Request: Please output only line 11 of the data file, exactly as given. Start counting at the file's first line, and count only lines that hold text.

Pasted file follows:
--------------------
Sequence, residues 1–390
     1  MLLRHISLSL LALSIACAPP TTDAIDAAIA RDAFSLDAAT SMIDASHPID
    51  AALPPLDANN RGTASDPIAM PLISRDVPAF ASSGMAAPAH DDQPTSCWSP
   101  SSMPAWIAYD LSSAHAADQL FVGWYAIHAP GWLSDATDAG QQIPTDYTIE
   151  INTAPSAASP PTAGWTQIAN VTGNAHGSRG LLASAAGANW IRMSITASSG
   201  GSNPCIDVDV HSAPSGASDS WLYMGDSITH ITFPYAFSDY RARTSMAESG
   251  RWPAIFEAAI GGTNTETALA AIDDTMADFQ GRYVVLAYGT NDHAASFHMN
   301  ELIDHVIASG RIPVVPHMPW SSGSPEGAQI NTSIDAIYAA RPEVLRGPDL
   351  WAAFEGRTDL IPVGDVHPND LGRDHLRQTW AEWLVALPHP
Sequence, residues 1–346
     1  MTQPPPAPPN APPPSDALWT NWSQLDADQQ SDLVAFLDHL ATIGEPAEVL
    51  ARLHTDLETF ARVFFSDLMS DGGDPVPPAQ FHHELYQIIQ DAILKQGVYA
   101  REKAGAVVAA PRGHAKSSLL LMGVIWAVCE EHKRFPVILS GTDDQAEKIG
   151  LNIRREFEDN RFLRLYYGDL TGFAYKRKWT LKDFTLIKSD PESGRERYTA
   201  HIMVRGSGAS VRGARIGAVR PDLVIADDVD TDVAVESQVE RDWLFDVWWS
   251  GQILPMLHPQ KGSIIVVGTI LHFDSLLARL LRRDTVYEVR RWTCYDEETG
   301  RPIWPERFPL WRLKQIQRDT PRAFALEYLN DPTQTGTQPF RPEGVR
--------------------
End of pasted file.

     1  MTQPPPAPPN APPPSDALWT NWSQLDADQQ SDLVAFLDHL ATIGEPAEVL